Myanmar Witness highlights in their report that the data gathered during their investigation is “highly likely” to represent just a small sample of politically motivated online abuse aimed at women. The same applies to the CNN analysis, meaning this likely shows just the tip of the iceberg, since the analyses were only of public channels and not private groups or messages.

Multiple experts expressed concern to CNN about links between these channels and the military, and the report goes on to suggest that some pro-military Telegram channels appear to be coordinating with the military itself, doxxing women who oppose it and seeming to make sure the junta is aware of private details that could be used to locate and arrest them. It highlights two cases of women being arrested shortly after being doxxed and of posts celebrating, or claiming credit for, their arrests.

“We’ve seen two high profile cases where two well-known women were arrested right after being doxxed. The channels also rejoiced after their arrests. When such things happen, you can’t help but wonder: what if they weren’t doxxed, would they still have been arrested — at the time?,” Khant told CNN.

Wai Phyo Myint, Asia Pacific policy analyst at digital rights organization Access Now explains the wide range of significant offline consequences. “People [are] being arrested, blackmailed or forced into exile. Some have lost their livelihoods after their businesses and homes have been sealed off following the doxxing, others have had to go into hiding,” she told CNN.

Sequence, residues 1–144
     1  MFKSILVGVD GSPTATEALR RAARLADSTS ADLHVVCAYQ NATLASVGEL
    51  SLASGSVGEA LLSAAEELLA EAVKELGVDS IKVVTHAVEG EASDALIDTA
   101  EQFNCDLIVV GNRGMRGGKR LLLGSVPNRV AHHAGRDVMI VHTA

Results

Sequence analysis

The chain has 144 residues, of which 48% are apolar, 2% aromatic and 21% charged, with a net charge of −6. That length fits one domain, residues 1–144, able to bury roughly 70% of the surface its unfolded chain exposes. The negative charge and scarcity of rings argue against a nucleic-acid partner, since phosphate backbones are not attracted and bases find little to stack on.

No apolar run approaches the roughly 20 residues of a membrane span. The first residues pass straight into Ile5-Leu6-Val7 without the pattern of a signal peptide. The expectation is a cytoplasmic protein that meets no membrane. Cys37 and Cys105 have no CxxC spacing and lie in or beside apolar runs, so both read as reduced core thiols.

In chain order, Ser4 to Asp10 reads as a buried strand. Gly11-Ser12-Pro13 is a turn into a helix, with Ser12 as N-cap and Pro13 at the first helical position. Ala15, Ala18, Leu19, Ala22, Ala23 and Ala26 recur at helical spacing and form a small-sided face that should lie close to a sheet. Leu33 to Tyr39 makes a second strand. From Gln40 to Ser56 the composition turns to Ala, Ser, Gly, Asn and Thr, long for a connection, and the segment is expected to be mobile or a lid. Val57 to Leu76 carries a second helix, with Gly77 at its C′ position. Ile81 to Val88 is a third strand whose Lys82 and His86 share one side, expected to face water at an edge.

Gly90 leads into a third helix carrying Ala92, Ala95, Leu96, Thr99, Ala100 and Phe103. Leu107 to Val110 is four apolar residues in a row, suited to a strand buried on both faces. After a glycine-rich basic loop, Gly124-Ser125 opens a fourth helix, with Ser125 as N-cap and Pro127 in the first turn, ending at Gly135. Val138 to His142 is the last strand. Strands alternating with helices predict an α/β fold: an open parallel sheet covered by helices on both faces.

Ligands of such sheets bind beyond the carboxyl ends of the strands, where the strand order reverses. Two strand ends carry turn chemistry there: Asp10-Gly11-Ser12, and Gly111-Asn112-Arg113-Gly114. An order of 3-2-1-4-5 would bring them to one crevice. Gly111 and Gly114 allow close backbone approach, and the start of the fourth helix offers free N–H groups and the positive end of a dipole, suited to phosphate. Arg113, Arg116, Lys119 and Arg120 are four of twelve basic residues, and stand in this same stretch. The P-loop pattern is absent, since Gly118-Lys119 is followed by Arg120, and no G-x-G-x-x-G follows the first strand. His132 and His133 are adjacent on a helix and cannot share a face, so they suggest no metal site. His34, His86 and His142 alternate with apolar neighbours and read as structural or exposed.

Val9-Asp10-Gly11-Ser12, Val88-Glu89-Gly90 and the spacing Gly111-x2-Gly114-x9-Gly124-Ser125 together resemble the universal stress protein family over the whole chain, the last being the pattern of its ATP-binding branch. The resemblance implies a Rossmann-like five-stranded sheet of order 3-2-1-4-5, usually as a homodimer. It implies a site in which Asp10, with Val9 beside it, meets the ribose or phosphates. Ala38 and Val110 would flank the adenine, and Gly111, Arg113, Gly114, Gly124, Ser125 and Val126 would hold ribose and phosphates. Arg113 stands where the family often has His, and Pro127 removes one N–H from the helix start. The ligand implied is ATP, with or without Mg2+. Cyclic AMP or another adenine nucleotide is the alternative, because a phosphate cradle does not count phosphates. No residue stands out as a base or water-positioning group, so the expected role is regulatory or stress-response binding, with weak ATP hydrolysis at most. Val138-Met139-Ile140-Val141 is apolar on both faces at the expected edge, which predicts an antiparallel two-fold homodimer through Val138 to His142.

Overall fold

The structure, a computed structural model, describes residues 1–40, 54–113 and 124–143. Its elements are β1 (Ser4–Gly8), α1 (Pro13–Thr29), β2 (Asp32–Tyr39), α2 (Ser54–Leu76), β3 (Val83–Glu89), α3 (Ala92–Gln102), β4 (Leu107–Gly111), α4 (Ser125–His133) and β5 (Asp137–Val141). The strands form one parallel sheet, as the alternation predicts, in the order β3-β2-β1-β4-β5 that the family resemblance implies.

The Myanmar military did not respond to CNN’s requests for comment.

Myanmar Witness did see some abuse and doxxing on Telegram channels identifying as pro-democracy, but to a much smaller degree. In response to this, Aung Myo Min, Minister of Human Rights for the National Unity Government acknowledged that gender inequality was a problem in the country. “Harassment based on gender or sexual orientation is very common in Myanmar, on both sides,” Myo Min told CNN, adding that “it clearly shows the need (for) work, education and explanation needed on gender equality.” But he also called on social media platforms to take action and create a better reporting system. “They have their part (in the) responsibilities,” he said.